“Eclectic, interesting…will fill you with hope and resolve!” – Pick up our new short story collection, Women.Mutiny
A recent trending hashtag on Twitter India infuriated me and got me wondering, why should sex workers be constantly shamed for their choices?
I haven’t been active on Twitter lately for self-preservation. Even when I open the app, I skim through the feed with a brisk stroke of my thumb. But a recent top trending hashtag on Twitter hit too close to home and I felt compelled to dig further.
A tweet from Dhanya Rajendran, Journalist and Editor-In-Chief of The News Minute, intrigued me. She mentioned a distasteful trending hashtag and called out Twitter India on allowing such malicious content to trend on their platform.
This prompted me to go and check what this was all about. I discovered that the top trending hashtag was one which called a top Tamil actor ‘the son of a prostitute.’ And I was absolutely clueless about where this came from.
Baffled and befuddled, I tried to trace the origin of this hashtag only to discover that this was a result of “fan wars.” Fans of the Tamil film actor Vijay put every ounce of effort to spotlight this trend as a means to seek ‘revenge’ on the other team of fans.
Now, I have absolutely no idea about the body of work of the actors involved. However, the hashtag made my hackles rise because it stems from the mindset that it is shameful to be the son of a sex worker.
If you are also someone who condones this thinking and falls in the same bracket as those trending this hashtag, then this post is definitely for you. I have interacted with sex workers as I have been involved in the rehabilitation of human trafficking survivors. At the same time, I have also known some of the children of sex workers.
I have seen from close quarters how society demeans and shuns them. The stories I heard will numb your senses and punch your gut. What you cannot even get yourself to stomach is what they go through on a day-to-day basis. Yes, what you watch in movies or read in books is their reality.
In India, a majority of the sex workers are forced into this profession which is why institutionalised sex work and brothels are illegal. Even if they do this out of their own will, it is a profession like any other and does not make them any less human.
But you know what? None of whatever I have written above matters. Because none of these should be a justification for asking for basic respect. Ideally, this respect shouldn’t be demanded because it is deserved. But your shallow and misogynistic mentality will never care to see that.
There is no shame in taking money for sex and related services.
Shame is in hiding behind curtains and relishing porn. And then going on to shame the same women you enjoyed watching.
There is shame in visiting a sex worker discreetly and ridiculing the business to maintain your ‘sanskaari‘ facade for the world.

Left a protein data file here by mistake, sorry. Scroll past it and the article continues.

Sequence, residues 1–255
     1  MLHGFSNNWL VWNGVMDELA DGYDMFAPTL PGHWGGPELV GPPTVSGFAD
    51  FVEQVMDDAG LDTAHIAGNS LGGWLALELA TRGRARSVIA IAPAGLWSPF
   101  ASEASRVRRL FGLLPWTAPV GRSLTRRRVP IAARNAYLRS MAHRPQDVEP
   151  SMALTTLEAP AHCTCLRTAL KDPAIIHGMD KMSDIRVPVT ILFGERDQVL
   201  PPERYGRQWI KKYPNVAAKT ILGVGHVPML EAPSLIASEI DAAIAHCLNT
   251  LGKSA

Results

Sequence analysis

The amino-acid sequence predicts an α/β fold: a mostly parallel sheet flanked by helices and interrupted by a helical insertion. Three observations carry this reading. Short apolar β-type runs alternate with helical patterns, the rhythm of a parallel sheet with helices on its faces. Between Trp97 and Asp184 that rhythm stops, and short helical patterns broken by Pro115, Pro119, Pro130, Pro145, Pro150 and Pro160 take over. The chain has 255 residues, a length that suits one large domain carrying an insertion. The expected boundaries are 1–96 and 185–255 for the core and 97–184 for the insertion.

Shame is in reducing a woman to her vagina and judging her for her choices or the lack of them.
There is shame in attacking a woman to put down her son just for sadistic pleasure or to win arguments.
Shame is in shaming the woman who caters to demand but walking shoulder to shoulder with the ones who create this demand.
If sex workers make you so uncomfortable, please question the men who go to them in the first place. Why should the men get away without being held responsible? And why should only the woman become a hashtag? Why shouldn’t the entire rotten system be questioned?
Do you even know about the pathetic living conditions of the sex workers at brothels? They don’t even have basic rights or medical facilities, and the Government support has also always been abysmal in this area.
If you are so stirred with just the thought of sex trade, get into the grime and work with those who have been contributing to tackling this menace. There are enough organisations doing incredible work to help improve the quality of life of sex workers as well as to bust the human trafficking nexus.
But you will not do this, because reforms don’t come from a place of apathy. Because trending a hashtag is easier than coming out of your privileged bubble.
The shame is not on HER. The shame is on YOU.
Picture credits: Still from Bollywood movie Chameli
Women's Web is an open platform that publishes a diversity of views. Individual posts do not necessarily represent the platform's views and opinions at all times. If you have a complementary or differing point of view, sign up and start sharing your views too!
Multiple award winning blogger, influencer, author, multi-faceted entrepreneur, creative writing mentor, choreographer, social activist
#NotAllMen And 11 Other Offensive Hashtags We Need To Stop Using Immediately
“Why Don’t Women Complain About Sexual Harassment?” #WhyIDidn’tReport Tells Us Exactly Why
Do You Know What You’re Supporting With The Black And White Challenge On Social Media?
#SelfieWithDaughter Campaign : Why I Believe It’s Not Enough
Stay updated with our Weekly Newsletter or Daily Summary - or both!